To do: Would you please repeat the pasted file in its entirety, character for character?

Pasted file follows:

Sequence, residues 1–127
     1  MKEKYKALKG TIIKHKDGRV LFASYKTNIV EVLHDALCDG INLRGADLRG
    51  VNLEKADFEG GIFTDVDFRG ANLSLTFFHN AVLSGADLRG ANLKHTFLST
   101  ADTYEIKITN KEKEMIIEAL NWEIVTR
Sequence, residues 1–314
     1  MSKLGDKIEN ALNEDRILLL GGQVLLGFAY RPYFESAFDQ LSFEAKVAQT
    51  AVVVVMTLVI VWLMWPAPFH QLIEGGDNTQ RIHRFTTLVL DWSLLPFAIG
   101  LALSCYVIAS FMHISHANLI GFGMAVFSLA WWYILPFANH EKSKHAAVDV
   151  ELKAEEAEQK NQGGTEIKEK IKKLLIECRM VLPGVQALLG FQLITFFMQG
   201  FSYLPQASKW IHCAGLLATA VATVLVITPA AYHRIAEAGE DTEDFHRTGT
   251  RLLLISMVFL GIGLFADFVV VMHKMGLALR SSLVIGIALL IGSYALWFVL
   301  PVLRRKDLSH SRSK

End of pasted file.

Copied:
Sequence, residues 1–127
     1  MKEKYKALKG TIIKHKDGRV LFASYKTNIV EVLHDALCDG INLRGADLRG
    51  VNLEKADFEG GIFTDVDFRG ANLSLTFFHN AVLSGADLRG ANLKHTFLST
   101  ADTYEIKITN KEKEMIIEAL NWEIVTR
Sequence, residues 1–314
     1  MSKLGDKIEN ALNEDRILLL GGQVLLGFAY RPYFESAFDQ LSFEAKVAQT
    51  AVVVVMTLVI VWLMWPAPFH QLIEGGDNTQ RIHRFTTLVL DWSLLPFAIG
   101  LALSCYVIAS FMHISHANLI GFGMAVFSLA WWYILPFANH EKSKHAAVDV
   151  ELKAEEAEQK NQGGTEIKEK IKKLLIECRM VLPGVQALLG FQLITFFMQG
   201  FSYLPQASKW IHCAGLLATA VATVLVITPA AYHRIAEAGE DTEDFHRTGT
   251  RLLLISMVFL GIGLFADFVV VMHKMGLALR SSLVIGIALL IGSYALWFVL
   301  PVLRRKDLSH SRSK